How This Teen Made More Than $100,000 Before He Turned 16

Sahil Lavingia GumroadSahil Lavingia was one of the first employees at Pinterest. He left that behind for his own startup, Gumroad.

Photo: Shl via Twitter

Sahil Lavingia is 19 years old. He was one of Pinterest’s first employees and now he has his own startup backed by $1.1 million in venture funding, Gumroad.Lavingia has been making money by creating things for a long time.

By age 15 he was financially independent — he had more than $100,000 in his savings account. It was all self-made; it didn’t come from his parents.

Lavingia tells us how he did it.

Business Insider: What’s your story? Why aren’t you in school right now?

Sahil Lavingia: I started as a designer when my middle school gave all of the students a Photoshop licence for free. I started messing around with it because I realised I had access to thousands of dollars of software and I might as well give it a shot.

I googled Photoshop tutorials and made really weird things for fun and kind of got hooked. I started designing websites because that’s where the money was.

When I was 14 and I was like, “I’m tired of this, I want to build my own products.”

I had all these random ideas for little things I wanted to build so I would design them every weekend. I would get home from school on Friday, pick one of my gazillion ideas to design and contract out all of the back-end work. I’d launch the app by emailing every tech blog I knew. Inevitably one of the five would write about it and then I would sell it on some marketplace.

What ideas did you create and sell?

I built a to-do list app. I built this thing that let you create Facebook walls but for Twitter before Twitter had any kind of conversation aspect. I built this tool that let users send automatic, customised direct messages on Twitter.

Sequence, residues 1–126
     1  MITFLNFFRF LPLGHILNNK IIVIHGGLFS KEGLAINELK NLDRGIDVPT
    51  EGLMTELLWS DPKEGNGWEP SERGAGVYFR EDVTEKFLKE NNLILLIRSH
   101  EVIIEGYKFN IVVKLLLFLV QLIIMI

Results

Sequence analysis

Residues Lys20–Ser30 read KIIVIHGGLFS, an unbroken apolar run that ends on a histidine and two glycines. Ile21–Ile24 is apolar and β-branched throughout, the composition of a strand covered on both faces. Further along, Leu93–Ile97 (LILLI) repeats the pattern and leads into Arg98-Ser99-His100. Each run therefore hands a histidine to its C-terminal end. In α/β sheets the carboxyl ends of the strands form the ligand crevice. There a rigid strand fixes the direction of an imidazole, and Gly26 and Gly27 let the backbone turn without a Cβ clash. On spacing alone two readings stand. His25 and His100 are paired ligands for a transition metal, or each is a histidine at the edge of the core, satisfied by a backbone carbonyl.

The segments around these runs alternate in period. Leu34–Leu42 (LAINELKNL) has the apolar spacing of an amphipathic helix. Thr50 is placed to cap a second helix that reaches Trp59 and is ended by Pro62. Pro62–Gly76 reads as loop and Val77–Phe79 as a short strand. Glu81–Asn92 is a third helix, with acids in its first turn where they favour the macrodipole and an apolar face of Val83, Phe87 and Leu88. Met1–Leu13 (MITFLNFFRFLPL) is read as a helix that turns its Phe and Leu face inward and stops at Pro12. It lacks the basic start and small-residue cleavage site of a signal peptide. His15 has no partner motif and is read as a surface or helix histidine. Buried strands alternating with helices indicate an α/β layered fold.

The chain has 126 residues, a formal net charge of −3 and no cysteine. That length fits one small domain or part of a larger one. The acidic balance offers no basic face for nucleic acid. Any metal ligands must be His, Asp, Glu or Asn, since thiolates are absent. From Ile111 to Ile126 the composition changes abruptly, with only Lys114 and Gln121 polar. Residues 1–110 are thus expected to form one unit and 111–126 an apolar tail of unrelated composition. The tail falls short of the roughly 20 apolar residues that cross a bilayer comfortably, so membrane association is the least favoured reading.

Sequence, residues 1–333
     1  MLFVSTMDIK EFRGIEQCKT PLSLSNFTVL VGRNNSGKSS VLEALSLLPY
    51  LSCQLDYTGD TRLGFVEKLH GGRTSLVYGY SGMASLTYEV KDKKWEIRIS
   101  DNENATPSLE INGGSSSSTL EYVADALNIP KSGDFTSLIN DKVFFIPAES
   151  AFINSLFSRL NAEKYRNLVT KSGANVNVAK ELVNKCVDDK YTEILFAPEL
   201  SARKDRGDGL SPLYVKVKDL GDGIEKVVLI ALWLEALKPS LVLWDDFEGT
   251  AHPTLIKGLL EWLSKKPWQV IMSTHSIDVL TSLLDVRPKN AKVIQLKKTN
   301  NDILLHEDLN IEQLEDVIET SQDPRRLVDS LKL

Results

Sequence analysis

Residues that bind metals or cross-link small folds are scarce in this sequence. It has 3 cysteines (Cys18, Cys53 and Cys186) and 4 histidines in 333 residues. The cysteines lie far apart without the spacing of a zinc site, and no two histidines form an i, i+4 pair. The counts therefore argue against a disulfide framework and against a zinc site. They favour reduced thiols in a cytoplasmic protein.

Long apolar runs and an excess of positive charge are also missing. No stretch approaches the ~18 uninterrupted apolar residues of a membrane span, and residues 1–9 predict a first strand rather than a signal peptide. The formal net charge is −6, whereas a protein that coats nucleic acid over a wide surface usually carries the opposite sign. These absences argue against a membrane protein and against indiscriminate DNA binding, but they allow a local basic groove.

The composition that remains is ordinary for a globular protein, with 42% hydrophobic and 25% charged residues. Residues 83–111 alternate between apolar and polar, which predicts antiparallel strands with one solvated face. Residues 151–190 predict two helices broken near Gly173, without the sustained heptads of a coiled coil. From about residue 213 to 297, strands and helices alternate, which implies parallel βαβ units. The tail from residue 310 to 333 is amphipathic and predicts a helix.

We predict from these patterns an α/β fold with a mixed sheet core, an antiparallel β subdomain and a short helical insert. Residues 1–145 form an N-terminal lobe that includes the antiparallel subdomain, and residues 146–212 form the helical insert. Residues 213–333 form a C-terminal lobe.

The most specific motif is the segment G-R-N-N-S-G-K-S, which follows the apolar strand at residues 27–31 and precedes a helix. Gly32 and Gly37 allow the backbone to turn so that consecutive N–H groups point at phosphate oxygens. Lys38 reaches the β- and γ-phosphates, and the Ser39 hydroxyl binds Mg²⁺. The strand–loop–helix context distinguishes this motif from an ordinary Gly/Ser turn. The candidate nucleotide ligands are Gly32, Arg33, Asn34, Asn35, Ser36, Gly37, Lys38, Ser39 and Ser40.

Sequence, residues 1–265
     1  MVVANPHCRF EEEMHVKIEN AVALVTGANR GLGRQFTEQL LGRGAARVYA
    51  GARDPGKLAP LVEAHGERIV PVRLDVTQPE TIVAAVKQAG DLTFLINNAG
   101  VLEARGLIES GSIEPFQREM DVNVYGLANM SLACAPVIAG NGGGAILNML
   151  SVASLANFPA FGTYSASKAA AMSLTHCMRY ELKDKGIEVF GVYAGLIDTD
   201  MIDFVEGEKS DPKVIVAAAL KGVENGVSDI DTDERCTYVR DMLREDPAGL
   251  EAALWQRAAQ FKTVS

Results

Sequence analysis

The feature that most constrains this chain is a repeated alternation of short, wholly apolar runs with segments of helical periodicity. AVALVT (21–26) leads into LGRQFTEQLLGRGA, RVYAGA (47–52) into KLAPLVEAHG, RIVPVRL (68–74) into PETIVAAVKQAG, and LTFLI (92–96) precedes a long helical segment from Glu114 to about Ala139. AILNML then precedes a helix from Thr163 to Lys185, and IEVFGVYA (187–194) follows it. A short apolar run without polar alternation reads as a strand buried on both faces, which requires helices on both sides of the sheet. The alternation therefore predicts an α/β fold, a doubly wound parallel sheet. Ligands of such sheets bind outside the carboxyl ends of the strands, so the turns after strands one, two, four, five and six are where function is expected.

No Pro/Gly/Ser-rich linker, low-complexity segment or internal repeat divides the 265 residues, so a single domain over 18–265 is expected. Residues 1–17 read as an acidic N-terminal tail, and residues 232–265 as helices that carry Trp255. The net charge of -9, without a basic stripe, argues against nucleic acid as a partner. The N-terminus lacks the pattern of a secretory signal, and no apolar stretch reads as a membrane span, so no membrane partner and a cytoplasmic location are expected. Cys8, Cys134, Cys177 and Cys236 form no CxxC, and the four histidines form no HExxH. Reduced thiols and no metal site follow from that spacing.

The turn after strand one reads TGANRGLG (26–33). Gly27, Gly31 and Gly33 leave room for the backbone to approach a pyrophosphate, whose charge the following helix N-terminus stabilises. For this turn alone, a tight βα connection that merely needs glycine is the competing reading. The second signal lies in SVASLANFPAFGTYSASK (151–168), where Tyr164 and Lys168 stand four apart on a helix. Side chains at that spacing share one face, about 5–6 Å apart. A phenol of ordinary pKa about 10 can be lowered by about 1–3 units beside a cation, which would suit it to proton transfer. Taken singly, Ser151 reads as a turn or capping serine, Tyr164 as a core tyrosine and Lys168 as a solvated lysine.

How many apps did you build and sell?

I built about 20. I think I sold all of them.

Whom did you sell them to and for how much?

There was this marketplace — it’s called Flippa now. I couldn’t sell them for much — maybe $1,000+.

How much did you pay to contract them out? Because you were just the idea guy, you didn’t code them yourself.

Yah that was frustrating because I do not like paying people money. You know, maybe that’s why my investors like me.  But I probably payed $50 per app.

People would make an app for $50? Where did you find them?

Yeah, I mean for two hours of work for a guy who is also in high school but lives somewhere else in the world. I found them by Googling developer forums. I never went to an e-Lance or anything like that. I just went to forums and tried to get someone reputable to them. I built relationships and would go to the same people every time.

I was also frustrated that I was paying people to build what I couldn’t.  So I started learning HTML, CSS, PHP, then the iPhone came out and I learned iOS development. One of the iPhone apps I made was on the home page of Apple.

It’s not easy to learn to code. How did you teach yourself?

PHP was a failure. It took me two months of trying to build my own little app and I just hated it. I gave up and figured back-end development was not for me.

But then the iPhone came out and I learned that stuff really fast. I learned iPhone development in 2 weeks. I downloaded Stanford videos and those became my whole life. So I learned iOS development when I was 16.

I was financially independent when I was 15. I never really tell anyone that because it doesn’t feel relevant, but looking back I think, Oh, starting a company might have actually made sense. I have been doing OK for a while. My bank account when I was 15 or 16 was over $100,000.

To read the full interview with Sahil Lavingia, check out The Most Interesting Teenager In Silicon Valley >

Meet Sahil at Business Insider’s Startup 2012 conference on May 3, 2012 in NYC!

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